Report highlights slowdown in women’s board-level appointments

Research published today has shown that while the proportion of female directors in FTSE companies has continued to increase in the past year, the rate of increase has slowed over the past six months.

The findings were published in the latest survey by Cranfield School of Management, which suggested that “complacency may again be setting in” regarding the improvement of routes to board-level positions for women.

According to the 2013 Cranfield Female FTSE Board Report, in the first six months following the 2012 report there was an “extremely encouraging” pace of change, with 44% of new FTSE 100 board appointments going to women, and 36% of those at FTSE 250 companies.

However, after this those figures dropped to 26% and 29% respectively, falling short of the 33% required to reach Lord Davies’ recommendation that women should comprise 25% of boards by 2015.

According to the report, there are now 194 female-held directorships in 93 of the FTSE 100 boardrooms (held by 169 women), which equates to 17.3% – a slight increase on last year’s figure of 15%.

In addition, the number of FTSE 100 companies with all-male boards has now dropped to seven, while two-thirds (67%) of FTSE 100 companies have more than one woman on their board.

Responding to the research, business secretary Vince Cable said: “The argument for more women in our boardrooms is clear – they bring fresh perspectives and ideas, talent and a broader experience that leads to better decision making. This is not just about equality at the top of our companies. It is about good business sense.”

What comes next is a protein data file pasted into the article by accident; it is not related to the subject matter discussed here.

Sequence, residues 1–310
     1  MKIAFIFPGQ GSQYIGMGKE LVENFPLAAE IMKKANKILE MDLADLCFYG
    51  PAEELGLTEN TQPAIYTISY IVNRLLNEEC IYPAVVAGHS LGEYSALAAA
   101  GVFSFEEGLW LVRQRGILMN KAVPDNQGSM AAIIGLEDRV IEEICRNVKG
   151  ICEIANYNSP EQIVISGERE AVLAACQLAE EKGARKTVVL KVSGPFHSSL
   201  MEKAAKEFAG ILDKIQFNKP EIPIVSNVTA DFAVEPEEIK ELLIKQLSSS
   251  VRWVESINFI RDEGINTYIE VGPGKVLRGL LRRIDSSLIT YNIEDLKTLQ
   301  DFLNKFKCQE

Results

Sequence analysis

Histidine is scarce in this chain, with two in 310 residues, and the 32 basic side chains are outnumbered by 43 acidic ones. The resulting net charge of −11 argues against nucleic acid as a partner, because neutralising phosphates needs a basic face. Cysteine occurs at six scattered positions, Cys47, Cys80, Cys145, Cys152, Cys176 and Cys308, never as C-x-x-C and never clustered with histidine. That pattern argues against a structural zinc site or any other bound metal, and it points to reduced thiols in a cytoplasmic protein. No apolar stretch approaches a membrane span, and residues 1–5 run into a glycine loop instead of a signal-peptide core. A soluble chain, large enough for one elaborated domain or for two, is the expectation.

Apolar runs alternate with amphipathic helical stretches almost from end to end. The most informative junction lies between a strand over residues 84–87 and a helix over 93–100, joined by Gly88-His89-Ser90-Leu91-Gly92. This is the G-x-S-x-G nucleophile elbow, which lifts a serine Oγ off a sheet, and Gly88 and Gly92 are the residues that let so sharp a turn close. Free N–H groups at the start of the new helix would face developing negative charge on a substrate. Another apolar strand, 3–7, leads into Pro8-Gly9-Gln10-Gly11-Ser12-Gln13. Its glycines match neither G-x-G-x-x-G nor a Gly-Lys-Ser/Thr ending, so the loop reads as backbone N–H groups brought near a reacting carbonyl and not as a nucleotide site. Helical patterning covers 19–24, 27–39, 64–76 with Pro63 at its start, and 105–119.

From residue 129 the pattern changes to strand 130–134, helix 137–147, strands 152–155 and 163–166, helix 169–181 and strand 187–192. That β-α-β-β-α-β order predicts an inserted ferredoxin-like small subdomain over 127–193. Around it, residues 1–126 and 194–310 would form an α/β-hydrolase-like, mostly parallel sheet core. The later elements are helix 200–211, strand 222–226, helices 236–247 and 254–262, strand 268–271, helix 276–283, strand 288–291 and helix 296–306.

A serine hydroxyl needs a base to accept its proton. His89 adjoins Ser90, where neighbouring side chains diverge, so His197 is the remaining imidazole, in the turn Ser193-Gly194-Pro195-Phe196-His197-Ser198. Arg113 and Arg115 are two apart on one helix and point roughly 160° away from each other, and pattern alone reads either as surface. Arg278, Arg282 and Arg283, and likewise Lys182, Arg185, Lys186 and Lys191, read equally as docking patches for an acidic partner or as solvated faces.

Cable also expressed a preference to refrain from imposing quotas for women on boards, but still warned they were a possibility if industry continued to drag its heels: “Government continues to believe that a voluntary led approach is the best way forward. But today’s report serves as a timely reminder to business that quotas are still a real possibility if we do not meet the 25% target of women on the boards of FTSE 100 companies by 2015.”

Sir Roger Carr, CBI president, agreed that quotas were not the way forward: “These figures show that if we are to remove blockages in the pipeline of female talent development, business leaders must roll up their sleeves and redouble their efforts to improve recruitment, mentoring and succession planning.

“Tokenistic EU quotas will do nothing to address the root causes of this issue. It is critical we nurture a diverse talent base right from the bottom to the top of our companies to hone our competitive edge.”

Minister for women and equalities Maria Miller said: “We are making good progress – two-thirds of women are in work, the gender pay gap is closing and both Lord Davies’ and Cranfield’s reports indicate that we are heading in the right direction when it comes to women’s representation at senior levels.

“But there is much more work to do. The priority now is to maintain that momentum, not only within listed companies but across the economy as a whole. Our equalities agenda isn’t solely about women in the boardroom. It’s also about unlocking the untapped potential of women at all levels in the workforce, getting more women into work, priming the talent pipeline and bringing sustained benefit to the British economy in the longer term.”

XpertHR asks if quotas are the right way to increase female representation in British boardrooms.

XpertHR also has a good practice guide on gender equality.

An XpertHR podcast on gender equality is also available.

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